The Central Intelligence Agency has concluded that the Saudi crown prince, Mohammed bin Salman, ordered the killing of the journalist Jamal Khashoggi, according to American officials.

The C.I.A. has made the assessment based on the crown prince’s control of the Saudi Arabia, which is such that the killing would not have taken place without his approval, and has buttressed its conclusion with two sets of crucial communications: intercepts of the crown prince’s calls in the days before the killing, and calls by the kill team to a senior aide to the crown prince.

Read the New York Times below for the full story.

An autopsy expert. A lookalike. A black van. Our video investigation follows the movements of the…read the rest here
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T-SERIES TOPS IN YOUTUBE.

Posted: November 16, 2018 in music, The New York Times
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Although not widely known in the United States, T-Series, an Indian music label and film production company, has the most watched YouTube channel in the world. Its videos have been seen 53 billion times. The channel gains over 100,000 subscribers a day and is about to pass the controversial personality PewDiePie to become the most subscribed to channel on YouTube.

Read the rest BELOW in the New York Times

 

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In 2016, hundreds of millions of people in India got internet access. They…

LETTER TO THE EDITOR

Sarawak judge Yew Jen Kie’s 7-11 ruling allegedly misinterpreted the Sabah Constitution, denied the role of the state assembly, interfered in its prerogative and discretionary powers, and allowed frogs with statutory declarations (SDs) to decide on formation of government together with the Governor.

That’s the consensus in the court of public opinion.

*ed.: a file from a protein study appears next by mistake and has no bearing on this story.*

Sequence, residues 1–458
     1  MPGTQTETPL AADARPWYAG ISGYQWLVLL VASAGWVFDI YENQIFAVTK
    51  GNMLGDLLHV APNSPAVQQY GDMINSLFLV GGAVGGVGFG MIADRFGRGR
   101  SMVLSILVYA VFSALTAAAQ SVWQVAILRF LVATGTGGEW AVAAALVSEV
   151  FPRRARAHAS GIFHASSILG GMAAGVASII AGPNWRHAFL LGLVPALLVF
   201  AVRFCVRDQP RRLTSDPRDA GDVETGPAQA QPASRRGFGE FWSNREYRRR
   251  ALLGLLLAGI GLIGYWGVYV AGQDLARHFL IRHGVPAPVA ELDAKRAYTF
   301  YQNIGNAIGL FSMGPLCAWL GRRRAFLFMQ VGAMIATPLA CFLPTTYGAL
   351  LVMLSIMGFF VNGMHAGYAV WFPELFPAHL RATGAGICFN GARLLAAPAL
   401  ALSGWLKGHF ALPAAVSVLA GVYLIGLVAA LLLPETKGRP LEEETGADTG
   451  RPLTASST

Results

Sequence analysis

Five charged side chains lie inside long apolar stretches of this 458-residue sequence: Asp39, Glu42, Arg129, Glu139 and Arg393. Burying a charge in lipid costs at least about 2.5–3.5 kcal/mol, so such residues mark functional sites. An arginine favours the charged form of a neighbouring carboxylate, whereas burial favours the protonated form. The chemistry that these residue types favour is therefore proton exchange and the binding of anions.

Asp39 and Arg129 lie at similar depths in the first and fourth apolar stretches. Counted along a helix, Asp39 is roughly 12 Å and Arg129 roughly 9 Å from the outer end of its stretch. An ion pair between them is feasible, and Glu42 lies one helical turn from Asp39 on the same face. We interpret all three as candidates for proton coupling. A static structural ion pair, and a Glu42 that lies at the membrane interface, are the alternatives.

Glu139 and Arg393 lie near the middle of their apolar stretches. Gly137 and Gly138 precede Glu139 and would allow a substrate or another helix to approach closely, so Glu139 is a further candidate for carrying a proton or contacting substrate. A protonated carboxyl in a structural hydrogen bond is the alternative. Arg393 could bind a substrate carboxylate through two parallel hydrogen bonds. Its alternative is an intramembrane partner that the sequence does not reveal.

If SDs can be considered, the judge failed to note that a reasonable time did not elapse between May 10 and May 12 when the frogs claimed to have lost confidence in Musa Aman.

The court should have said it won’t be party to an “illegality” and/or what reeked of “fraudulent” practices.

The SDs, she should have said, were tainted with all the elements of a conspiracy to overthrow a democratically-elected and lawfully established gov’t.

The courts generally look at whether it would be safe or otherwise to accept certain positions advocated by the parties in conflict.

In the case of the SDs by the frogs, it was certainly not safe for the court to accept them.

The Governor also should not have accepted them. Instead, he should have advised them to make their case at the state assembly, the right forum.

Rule BY Law is not Rule OF Law.

Rule OF Law basis of the Constitution.

The judge from Sarawak will be subject to scrutiny in the superior courts for the 7-11 ruling.

The Sabah Constitution must be upheld.

The judiciary should not interfere in the legislature.

The Governor should stay above the fray.

If the Governor had pointed the frogs after May 10 in the direction of the state assembly, there would be no 7-11. It’s besides the point that the state assembly was not in session.

The Governor can decide, in the wake of 7-11, whether to entertain frogs armed with SDs.

In future, he can be counted on to close the istana gates, and point the SD frogs in the direction of the state assembly.

7-11 is the last time the frogs can play their SD trick.

Rule of Law, basis of the Constitution, would be upheld.

If another group of frogs turn up tomorrow at the istana, armed with SDs, they won’t be entertained despite the 7-11 ruling.

The Governor will say, “I have discretionary powers mah!”

So, the 7-11 ruling is useless.

The SD Frogs would have to go to court to force the Governor to accept their self-serving and fraudulent claims. The superior courts would have to plug this loophole and restore the sanctity of the Sabah Constitution.

Daniel John Jambun

Human Rights Advocate

Tel: 010 878 6993

President

Borneo’s Plight in Malaysia Foundation (BoPiMaFo)

Sun 11 Nov 2018

Kota Kinabalu, Sabah, Borneo-Malaysia


Saudi Arabia has executed an Indonesian maid who killed her employer while she was being raped. This is sparking outrage in Jakarta.

Ms Tursilawati, who was working in the city of Ta’if, was found guilty of killing her employer in June 2011.